If Brazil’s Stadiums Became Affordable Housing Units
The Estadio do Maracana stadium in Rio De Janiero was roaring with German pride on the final day of the FIFA 2014. But now that the world's most watched football event is over, what will become of these stadiums that accommodated thousands during the matches?
Two French architects Axel de Stampa and Sylvain Macaux have attempted to answer just that and have proposed to build prefabricated affordable housing stacked between the outer facade of the stadiums that will not only help ease Brazil's housing deficit, but will also raise enough money to fund the maintenance of the stadia and the homes. The project has been rightly christening the project "Casa Futebol".
"The project covers 12 Brazilian stadiums. There are actually six stadiums where we can colonize the exterior facade. Five of these have an exterior structure composed of concrete and metal columns separated by seven or eight meters (23 to 26 ft). We just have to insert pre-fabricated housing using the existing structures," Stampa told Gizmag.
The architects claim that the project could easily accommodate 1200 to 1500 people per stadium. They say that the feat can be accomplished by just reducing the seating capacity "a little bit." That way, matches and events can be hosted and profits from the ticket sales can go towards maintaining the units.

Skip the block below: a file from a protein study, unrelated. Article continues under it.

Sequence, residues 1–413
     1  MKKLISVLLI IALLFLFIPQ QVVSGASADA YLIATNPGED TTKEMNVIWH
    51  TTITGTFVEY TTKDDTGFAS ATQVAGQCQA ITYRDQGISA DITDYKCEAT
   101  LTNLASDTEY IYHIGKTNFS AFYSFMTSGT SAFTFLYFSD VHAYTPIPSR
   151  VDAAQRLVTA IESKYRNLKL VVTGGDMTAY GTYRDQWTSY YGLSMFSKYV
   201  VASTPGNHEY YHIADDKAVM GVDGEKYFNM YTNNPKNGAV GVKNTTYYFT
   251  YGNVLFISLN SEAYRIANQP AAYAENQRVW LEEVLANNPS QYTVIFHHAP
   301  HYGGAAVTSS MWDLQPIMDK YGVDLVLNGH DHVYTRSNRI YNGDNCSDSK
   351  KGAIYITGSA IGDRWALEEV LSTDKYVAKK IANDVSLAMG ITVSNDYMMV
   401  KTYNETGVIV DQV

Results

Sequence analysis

"The project is based on modular pre-fabricated houses. So the only thing that changes is the implantation of the houses," Stampa explained.
Brazil reportedly spent $4 billion to renovate and build the 12 FIFA World Cup venues. While some of them are now undergoing major modifications for the 2016 Olympics, some will be dismantled. The rest, according to Gizmodo, will either be converted into public parks or dismantled.
While many think that building affordable housing units in these stadiums are a logical step, many have pointed out the limitations of the proposal too. On their website, several comments poured in inquiring about the sanitation and the safety. One even pointed out that the size of the homes (1,130 square feet) was far larger than the 377-square-feet proposed by government housing.
According to ArchDaily, the project is purely hypothetical and the architects proposed it only to approach the housing problem in Brazil. Indeed, home prices in Brazil have been surging since the country announced that it would host the FIFA 2014.
The latest Fitch Ratings report said that Brazil's real estate market has been suffering from a demand-supply imbalance. Lending relaxations have also led to higher prices.
"Supply has not kept up with surging demand for property ownership, creating an imbalance that is unlikely to be solved in the short term," according to Brazil, Fitch, quoted by South China Morning Post. The country "suffers from a general lack of good-quality homes," it added.